In priority sub-Saharan African countries, on the ground observations suggest that the success of voluntary medical male circumcision (VMMC) programs should not be based solely on numbers of males circumcised. We identify gaps in the consent process and poor psychosocial outcomes among a key target group: male adolescents. We assessed compliance with consent and assent requirements for VMMC in western Kenya among males aged 15–19 (N = 1939). We also examined differences in quality of life, depression, and anticipated HIV stigma between uncircumcised and circumcised adolescents. A substantial proportion reported receiving VMMC services as minors without parent/guardian consent. In addition, uncircumcised males were significantly more likely than their circumcised peers to have poor quality of life and symptoms of depression. Careful monitoring of male adolescents’ well-being is needed in large-scale VMMC programs. There is also urgent need for research to identify effective strategies to address gaps in the delivery of VMMC services.
While risk of harm is an important focus for whether clinical research on humans can and should proceed, there is uncertainty about what constitutes harm to a trial participant. In Phase I trials on healthy volunteers, the purpose of the research is to document and measure safety concerns associated with investigational drugs, and participants are financially compensated for their enrollment in these studies. In this article, we investigate how characterizations of harm are narrated by healthy volunteers in the context of the adverse events (AEs) they experience during clinical trials. Drawing upon qualitative research, we find that participants largely minimize, deny, or re-attribute the cause of these AEs. We illustrate how participants’ interpretations of AEs may be shaped both by the clinical trial environment and their economic motivation to participate. While these narratives are emblematic of the larger ambiguity surrounding harm in the context of clinical trial participation, we argue that these interpretations also problematically maintain the narrative of the safety of clinical trials, the ethics of testing investigational drugs on healthy people, and the rigor of data collected in the specter of such ambiguity.
The federal system for allocating donated livers in the United States is often criticized for allowing geographic disparities in access to livers. Critics argue that such disparities are unfair on the grounds that where one lives is morally arbitrary and so should not influence one’s access to donated livers. They argue instead that livers should be allocated in accordance with the equal opportunity principle, according to which US residents who are equally sick should have the same opportunity to receive a liver, regardless of where they live. In this paper, we examine a central premise of the argument for the equal opportunity principle, namely, that geographic location is a morally arbitrary basis for allocating livers. We raise some serious doubts regarding the truth of this premise, arguing that under certain conditions, factors closely associated with geographic location are relevant to the allocation of livers, and so that candidates’ geographic location is sometimes a morally non-arbitrary basis for allocating livers. Geographic location is morally non-arbitrary, we suggest, since by taking it into account, the UNOS may better fulfill its central goals of facilitating the effective and efficient placement of organs for transplantation and increasing organ donation.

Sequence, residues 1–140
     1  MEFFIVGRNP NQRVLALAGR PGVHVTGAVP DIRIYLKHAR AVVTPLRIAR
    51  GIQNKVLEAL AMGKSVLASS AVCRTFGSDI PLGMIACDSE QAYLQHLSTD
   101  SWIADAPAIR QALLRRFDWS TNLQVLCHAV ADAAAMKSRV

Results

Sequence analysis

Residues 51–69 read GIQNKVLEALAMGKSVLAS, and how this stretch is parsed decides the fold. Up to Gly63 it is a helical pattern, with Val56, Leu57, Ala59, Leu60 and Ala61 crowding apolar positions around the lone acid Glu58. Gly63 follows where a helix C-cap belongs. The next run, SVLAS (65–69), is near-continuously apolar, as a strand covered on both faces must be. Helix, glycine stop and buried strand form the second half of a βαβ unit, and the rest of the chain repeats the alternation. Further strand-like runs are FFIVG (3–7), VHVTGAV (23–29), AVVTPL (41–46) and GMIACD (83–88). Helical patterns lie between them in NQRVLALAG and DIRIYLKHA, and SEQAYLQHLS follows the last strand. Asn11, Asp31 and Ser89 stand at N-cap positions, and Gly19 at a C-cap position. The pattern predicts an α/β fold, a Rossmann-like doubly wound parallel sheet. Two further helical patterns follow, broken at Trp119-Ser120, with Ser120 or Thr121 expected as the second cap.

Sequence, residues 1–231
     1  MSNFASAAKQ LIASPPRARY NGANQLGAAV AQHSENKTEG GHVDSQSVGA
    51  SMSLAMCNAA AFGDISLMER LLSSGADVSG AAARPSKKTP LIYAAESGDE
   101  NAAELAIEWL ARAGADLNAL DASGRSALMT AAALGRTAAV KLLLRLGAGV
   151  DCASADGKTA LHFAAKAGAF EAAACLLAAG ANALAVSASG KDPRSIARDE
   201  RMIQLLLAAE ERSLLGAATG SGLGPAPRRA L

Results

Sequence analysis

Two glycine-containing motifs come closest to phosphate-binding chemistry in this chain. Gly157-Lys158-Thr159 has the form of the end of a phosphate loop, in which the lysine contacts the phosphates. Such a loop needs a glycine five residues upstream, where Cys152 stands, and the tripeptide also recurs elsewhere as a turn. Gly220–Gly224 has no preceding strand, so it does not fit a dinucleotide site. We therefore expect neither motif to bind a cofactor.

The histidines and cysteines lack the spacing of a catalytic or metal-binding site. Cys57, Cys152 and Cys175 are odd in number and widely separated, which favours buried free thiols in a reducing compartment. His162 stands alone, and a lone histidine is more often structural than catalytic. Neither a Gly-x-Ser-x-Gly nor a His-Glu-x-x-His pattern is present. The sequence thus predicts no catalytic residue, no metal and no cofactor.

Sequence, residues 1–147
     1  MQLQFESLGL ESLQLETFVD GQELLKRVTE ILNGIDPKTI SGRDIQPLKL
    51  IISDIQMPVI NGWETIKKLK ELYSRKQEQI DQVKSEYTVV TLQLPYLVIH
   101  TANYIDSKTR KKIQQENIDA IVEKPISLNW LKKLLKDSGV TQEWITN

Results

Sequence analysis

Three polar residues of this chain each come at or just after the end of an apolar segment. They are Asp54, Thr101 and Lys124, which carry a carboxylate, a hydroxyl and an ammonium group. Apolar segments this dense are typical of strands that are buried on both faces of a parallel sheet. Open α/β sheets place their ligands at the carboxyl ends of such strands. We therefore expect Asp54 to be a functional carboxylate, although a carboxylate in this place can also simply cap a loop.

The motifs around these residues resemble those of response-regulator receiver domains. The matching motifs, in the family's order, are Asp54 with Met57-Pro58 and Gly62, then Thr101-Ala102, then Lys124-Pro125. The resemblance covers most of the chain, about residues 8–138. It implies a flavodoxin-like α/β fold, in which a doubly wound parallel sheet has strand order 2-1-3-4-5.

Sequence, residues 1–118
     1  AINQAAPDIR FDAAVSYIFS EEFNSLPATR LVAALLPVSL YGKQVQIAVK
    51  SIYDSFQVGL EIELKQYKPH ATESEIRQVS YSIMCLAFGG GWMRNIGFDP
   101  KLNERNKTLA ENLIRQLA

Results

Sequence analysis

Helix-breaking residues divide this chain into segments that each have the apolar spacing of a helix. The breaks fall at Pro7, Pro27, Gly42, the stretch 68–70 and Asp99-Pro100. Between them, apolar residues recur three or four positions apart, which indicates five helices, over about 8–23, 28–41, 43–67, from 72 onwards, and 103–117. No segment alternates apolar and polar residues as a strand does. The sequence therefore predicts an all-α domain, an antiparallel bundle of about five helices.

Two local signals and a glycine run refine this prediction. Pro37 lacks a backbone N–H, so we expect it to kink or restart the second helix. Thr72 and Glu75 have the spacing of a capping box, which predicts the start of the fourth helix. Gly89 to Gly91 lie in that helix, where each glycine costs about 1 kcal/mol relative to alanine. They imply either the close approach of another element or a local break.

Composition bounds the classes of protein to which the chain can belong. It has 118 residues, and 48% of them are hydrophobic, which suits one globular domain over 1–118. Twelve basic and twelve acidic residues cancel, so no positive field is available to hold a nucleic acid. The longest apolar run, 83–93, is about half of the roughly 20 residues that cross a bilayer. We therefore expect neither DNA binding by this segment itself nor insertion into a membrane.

The relationship between risks and benefits is central to the ethics of research involving human participants. Traditionally, to be ethically justifiable, risks should be reasonable in relation to anticipated benefits (if any) to subjects and to the potential social benefits resulting from research. This calculus is being further complicated by findings from an increasing number of social science studies that reveal that prospective and actual research participants frequently describe various types of inclusion benefits (for example, personal benefits such as access to or improved health care, increased knowledge about their disease or condition, and greater solidarity with the local community) as important to them. What is the ethical significance of such inclusion benefits, particularly those nonmedical in nature, for research ethics committees’ risk‐benefit assessment of research studies? We argue that, unless participants are clearly mistaken in their perceptions, ethics committees should take these types of inclusion benefits into account, and we suggest a few ways this might look in practice.
This article examines an ethical controversy that has received relatively little attention in public debates about the legalization of medical aid-in-dying (AID): should physicians inform patients that they have the option of hastening death? Drawing on ethnographic research about the implementation of AID in Vermont, I argue that how we understand the moral stakes of this debate depends on divergent views regarding language use in social interactions. Some stakeholders in this debate view a physician’s words as powerful enough to damage the patient-physician relationship or to influence a patient to hasten her death, while others believe that merely informing patients about AID cannot move them to act against their own values and preferences. I illustrate how these divergent perspectives are tied to competing language ideologies regarding clinical disclosure, which I call ‘disclosure ideologies’. My analysis of these two disclosure ideologies surrounding AID highlights disclosure practices in medicine as a rich site for medical anthropological theorizing on linguistic performativity and the social power of clinical language.